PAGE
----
HICKSVILLE, N.Y.—On July 1, California’s AB 2398, otherwise known as the Carpet Stewardship Law went into effect. Though it is only two months in, it appears the thousands of hours spent by the industry—from manufacturers to associations—have paid off as so far the transition has gone about as smoothly as anyone could have hoped. One of the key reasons for this was the quick response by the industry’s software suppliers who made sure their systems were up to speed in providing the assessment to end users as required by law.
Chad Ogden, president and CEO of QFloors, said along with many other new capabilities, QFloors Version 6.0 not only “features options created in direct response to the new California law, users received their software update prior to the law going into effect.” The software update has a function in which the user specifies if he is in California. If so, invoices are automatically changed to reflect and detail the assessment charges, and all necessary tracking goes into motion.
As a refresher to non-California dealers, contractors and distributors, AB 2398 provides for a 5-cent stewardship fee on every square yard of carpet sold in the state of California. This fee is required by law to be visible and is an after-tax item on all invoices for carpet sold in the state, regardless of whether the product was produced in California or shipped in from outside of the state by a manufacturer, wholesaler or retailer, including those who do business solely on the Internet.
Not complying with the law can be a costly endeavor. A civil penalty may be imposed by the state for anyone in violation of AB 2398, including manufacturer, distributor, importer, wholesaler and retailer. There are two fines: $1,000 per day of non-compliance and $10,000 per day if the violation is intentional, knowing or negligent.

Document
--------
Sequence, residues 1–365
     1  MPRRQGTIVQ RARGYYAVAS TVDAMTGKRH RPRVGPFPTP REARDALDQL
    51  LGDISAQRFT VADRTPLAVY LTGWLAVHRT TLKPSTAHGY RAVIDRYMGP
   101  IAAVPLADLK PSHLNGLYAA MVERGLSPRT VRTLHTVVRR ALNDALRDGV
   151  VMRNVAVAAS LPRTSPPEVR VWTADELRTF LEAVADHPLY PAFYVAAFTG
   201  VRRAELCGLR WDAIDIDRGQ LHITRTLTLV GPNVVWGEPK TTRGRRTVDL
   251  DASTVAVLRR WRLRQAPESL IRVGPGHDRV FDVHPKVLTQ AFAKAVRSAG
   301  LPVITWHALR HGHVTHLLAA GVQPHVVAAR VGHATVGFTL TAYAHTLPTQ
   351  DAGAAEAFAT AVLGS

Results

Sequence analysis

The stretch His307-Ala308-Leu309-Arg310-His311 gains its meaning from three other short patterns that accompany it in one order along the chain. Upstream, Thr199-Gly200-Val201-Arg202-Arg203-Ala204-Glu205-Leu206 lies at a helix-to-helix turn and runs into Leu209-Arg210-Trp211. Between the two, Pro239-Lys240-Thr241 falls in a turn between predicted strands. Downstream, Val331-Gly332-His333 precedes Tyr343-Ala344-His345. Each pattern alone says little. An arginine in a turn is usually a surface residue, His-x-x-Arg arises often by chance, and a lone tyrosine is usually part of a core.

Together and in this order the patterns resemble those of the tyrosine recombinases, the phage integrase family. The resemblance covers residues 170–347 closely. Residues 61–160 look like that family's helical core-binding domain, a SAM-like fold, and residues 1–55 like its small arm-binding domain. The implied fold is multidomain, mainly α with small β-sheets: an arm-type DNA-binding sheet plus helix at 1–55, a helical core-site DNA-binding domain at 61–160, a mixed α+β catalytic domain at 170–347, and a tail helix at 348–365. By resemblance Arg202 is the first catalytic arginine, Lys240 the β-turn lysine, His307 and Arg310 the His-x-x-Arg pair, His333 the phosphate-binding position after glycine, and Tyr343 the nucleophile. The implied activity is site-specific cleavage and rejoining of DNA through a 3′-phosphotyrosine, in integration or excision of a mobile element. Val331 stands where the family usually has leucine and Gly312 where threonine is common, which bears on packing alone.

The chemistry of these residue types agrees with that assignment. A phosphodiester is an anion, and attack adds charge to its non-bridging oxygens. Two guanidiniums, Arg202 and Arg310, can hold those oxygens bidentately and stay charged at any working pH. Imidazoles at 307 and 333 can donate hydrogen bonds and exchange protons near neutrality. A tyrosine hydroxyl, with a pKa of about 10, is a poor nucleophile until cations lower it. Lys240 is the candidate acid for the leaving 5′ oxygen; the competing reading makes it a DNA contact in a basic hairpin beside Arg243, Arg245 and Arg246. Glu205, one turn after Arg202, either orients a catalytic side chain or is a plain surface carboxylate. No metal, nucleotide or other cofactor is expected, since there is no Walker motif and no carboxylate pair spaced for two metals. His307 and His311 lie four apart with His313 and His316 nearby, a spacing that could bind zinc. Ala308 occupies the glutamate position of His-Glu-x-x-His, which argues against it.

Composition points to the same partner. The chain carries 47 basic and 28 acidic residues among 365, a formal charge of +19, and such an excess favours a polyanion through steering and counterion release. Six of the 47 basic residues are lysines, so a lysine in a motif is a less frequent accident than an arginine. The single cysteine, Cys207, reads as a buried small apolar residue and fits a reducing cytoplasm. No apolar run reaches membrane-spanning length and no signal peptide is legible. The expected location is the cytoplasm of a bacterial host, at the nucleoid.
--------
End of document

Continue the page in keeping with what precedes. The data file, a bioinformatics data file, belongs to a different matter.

This is why having your software system able to handle this or any of the new laws is essential. Ogden said the QFloors system updates invoices and tracking so “dealers can easily stay in compliance with the requirements of AB 2398.”
Terry Wheat, president of RFMS, said the company “ensured our clients affected by this legislation were ready to comply by the deadline and with total assurance that their business management software would accommodate all aspects of the law’s requirements.”
He told FCNews RFMS’ business software system was updated in June and the software enhancement was included in a free upgrade to all subscribers. “This upgrade also allows clients to seamlessly process a B2B invoice from a mill containing a recycling fee. Additionally, because RFMS modules are completely integrated, the general ledger is automatically updated “to provide an accurate audit trail and accounting of the fees.”
When it comes to Kashmoo’s FlooringSoft.com, Tim Magnuson, CEO, said because it is a “configurable web-based system, changes such as this are quick and easy to make, and are instantly active with no need for the customer to download or install anything.”
With a “significant” number of users in California, Don Kilbourne, vice president of Pacific Solutions, said it was important for the company to make sure AB 2398 would not disrupt their daily operations. Fortunately, “Since carpet is a trackable material type in the Pacific Solutions product data- base, our system can provide a detailed account of every carpet sale with material quantities, job numbers and customer information in the event of an audit.”
Steven Wang, president of Floor Covering Soft, said for the company’s estimating software FloorEstimate Pro 2011 editions, “this charge item can easily be configured (added) as a line item, similar to adding a carpet tear-and-haul charge.” He noted the addition was also added as a default item for the “convenience for users.”
For users of the CDMS system, Cathy Welsh, operations manager, said no special upgrade was needed by the company for them to comply with the law. “We have been able to process this change all along— there was no additional piece of software needed. Users just needed to create a new line item with the charge of .5-cents per yard on the invoices. The CDMS program is extremely flexible and can handle most any new situations that are presented, most without any or minimal programming.”